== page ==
Ten years ago today, one of the greatest songwriters of our time passed away under tragic circumstances. Much too young, needless to say, as Elliott Smith would have been 44 now – and how many songs would he still have been able to write? It’s a sad affair but we decided to make something positive out of it. Read our ten reasons for which we miss Elliot Smith and take the opportunity to revisit some of his records or songs. Because this man is too good to be forgotten.

01. His realness

Horrible word I guess. But you’ll get the point when you watch him in this little video in which he abruptly stopped one of his greatest tunes (Waltz #2) and explained why he had to: “What’s the point of playing a song badly? It’d be better to play it and mean it, than to just walk through it.” If only every artist would follow this rule.

02. His performance in the Oscar-night 1998

Being nominated for Miss Misery, his contribution to the Good Will Hunting-soundtrack, Smith had no real chance in actually winning the OSCAR, as it was the year of Titanic. But hey, just watch him, being that shy guy in a white suit with dirty hair on that ridiculously large stage, mesmerizing an audience of millions with his counterdraft to Celine Dion. Miss Misery vs. My Heart Will Go On. The latter won. An exemplification of what’s wrong with the business.

03. His humour

Not the first thing you have in mind when thinking of Elliott Smith, but of course he had at least some sense of humour. In my opinion, a very fine one. Quite sarcastic from time to time, surely bitter. But poignant and never detrimental.

04. His words

Obvious, but really, the way Elliott Smith arranged his magnificent words remains to be topped. There is a unique way in his of accompanying simple remarks with poignant romanticism in his writing that made his songs so easy to relate to and so far away from being pretentious.

“I’m in love with the world through the eyes of a girl/ Who’s still around the morning after”Say Yes

05. This man’s music

One of the biggest misunderstandings is, that if you put a guy with a guitar in front of an audience it’s folk music. Elliott Smith is not. His tunes were Beatlesk pop at it’s best. Rich, various, harmonically challenging and multi-layered. A whole colourful world behind sad words.

06. The way he dealt with people.

Here, maybe it is best to let an anecdote speak for itself. Mark Oliver Everett (Mr. E from Eeels) once told it in his autobiographical book Things The Grandchildren Should Know:

“We were sitting on a couch in the office at Largo, the Los Angeles club where Elliott and I both played often. Lisa Germano was telling Elliott and me a story about something that had recently happened to her. Flanagan, the owner of Largo, had a big, white, fluffy dog named Seamus, who had just jumped on the couch and squeezed in behind Lisa. As she continues her story, Seamus throws his front paws over Lisa’s shoulders and starts humping her back, but Lisa appears to be oblivious and continues her story. Flanagan and I are laughing so hard we’re crying, but Elliott just kept leaning forward and listening to Lisa’s story, trying to give her the dignity to finish, even though a big white dog was straddling her and furiously pumping away on her back.”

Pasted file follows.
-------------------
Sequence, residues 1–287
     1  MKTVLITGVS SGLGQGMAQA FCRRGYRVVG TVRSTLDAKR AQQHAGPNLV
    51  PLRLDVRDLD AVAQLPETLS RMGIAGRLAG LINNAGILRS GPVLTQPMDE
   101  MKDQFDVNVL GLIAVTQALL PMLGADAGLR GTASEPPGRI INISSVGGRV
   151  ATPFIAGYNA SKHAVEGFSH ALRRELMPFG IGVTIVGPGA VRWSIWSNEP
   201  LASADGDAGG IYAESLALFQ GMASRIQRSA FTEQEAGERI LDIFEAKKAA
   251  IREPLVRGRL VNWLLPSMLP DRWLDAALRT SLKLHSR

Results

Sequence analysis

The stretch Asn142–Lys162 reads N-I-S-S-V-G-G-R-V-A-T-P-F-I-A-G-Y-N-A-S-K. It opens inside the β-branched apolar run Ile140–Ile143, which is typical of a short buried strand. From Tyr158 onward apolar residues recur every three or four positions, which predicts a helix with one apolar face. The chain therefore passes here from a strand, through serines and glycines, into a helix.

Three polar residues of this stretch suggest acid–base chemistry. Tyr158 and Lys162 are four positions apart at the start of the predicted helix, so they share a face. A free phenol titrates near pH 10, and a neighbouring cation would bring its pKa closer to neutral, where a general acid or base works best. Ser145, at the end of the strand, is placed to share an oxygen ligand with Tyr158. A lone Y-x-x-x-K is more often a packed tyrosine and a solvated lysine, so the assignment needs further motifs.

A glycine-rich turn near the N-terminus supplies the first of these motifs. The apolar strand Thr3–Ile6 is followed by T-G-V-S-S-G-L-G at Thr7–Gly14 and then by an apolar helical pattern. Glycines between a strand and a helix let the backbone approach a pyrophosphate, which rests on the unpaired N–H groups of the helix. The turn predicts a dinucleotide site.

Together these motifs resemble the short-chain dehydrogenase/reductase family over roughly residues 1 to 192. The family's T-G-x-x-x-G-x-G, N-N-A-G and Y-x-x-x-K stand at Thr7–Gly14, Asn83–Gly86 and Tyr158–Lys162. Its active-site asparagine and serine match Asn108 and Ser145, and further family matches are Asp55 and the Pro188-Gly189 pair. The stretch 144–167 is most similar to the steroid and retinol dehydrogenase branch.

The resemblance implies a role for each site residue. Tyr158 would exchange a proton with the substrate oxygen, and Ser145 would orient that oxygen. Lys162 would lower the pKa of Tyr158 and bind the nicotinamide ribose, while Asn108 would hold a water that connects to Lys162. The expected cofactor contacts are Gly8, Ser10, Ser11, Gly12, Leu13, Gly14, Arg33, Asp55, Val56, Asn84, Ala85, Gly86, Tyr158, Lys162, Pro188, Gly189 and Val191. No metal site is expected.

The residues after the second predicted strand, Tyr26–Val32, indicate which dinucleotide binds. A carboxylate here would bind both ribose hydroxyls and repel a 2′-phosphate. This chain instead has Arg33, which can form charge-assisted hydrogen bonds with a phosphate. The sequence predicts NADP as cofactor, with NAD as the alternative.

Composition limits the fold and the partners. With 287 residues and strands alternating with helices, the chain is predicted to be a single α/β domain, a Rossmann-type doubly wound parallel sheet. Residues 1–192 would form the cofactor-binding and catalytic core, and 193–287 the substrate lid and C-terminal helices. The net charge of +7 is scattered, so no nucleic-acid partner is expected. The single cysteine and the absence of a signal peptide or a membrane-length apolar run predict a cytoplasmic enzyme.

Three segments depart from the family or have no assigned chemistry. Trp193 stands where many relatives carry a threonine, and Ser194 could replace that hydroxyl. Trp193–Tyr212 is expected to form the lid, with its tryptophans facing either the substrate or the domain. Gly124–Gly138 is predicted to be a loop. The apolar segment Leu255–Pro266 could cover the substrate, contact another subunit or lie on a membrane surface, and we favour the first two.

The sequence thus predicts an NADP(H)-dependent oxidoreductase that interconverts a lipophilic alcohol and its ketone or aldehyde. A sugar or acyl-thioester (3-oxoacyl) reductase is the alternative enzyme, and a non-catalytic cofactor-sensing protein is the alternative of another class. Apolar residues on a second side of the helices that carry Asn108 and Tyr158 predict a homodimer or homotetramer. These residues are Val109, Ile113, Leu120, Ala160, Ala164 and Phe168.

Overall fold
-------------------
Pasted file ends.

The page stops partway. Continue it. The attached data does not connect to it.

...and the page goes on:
07. Grungy Elliott

See him as the widely forgotten but nonetheless great frontman of his first band HEATMISER.

08. Either/Or

Okay, this is purely subjective and you could pick any other album from his, but: to me, Either/Or is one of the best Singer/Songwriter-records of all time. Period. (And it’s nice to see a Kierkegaard-reference here and there…)

09. The story of Ferdinand

Seemingly even being very reflective about his tattoos, Elliott Smith got him one of Ferdinand the bull. Still, one of the few things that are okay to get tattooed. This story (if you don’t know it yet, read it) is meant to be right there: under your skin.

10. Simply his voice

Not only by what he sang, but how he sang it, you could tell that this is heartfelt music. There is no space left between you and the artist. With his trenchant and thin voice, Elliott Smith failed to build up any sort of wall between him and the world. Maybe he should have, just in order to protect himself, to hide some things that are too intimate. Sadly, this was part of his greatness as it was probably a contributing factor for his downfall. Definitely, Elliott Smith is deeply missed – as an artist and as a kind, polite and humble character. An exception in our otherwise self-righteous pop-culture.

In the end, what’s to say? Nothing but: It’s just a fond farewell to a friend.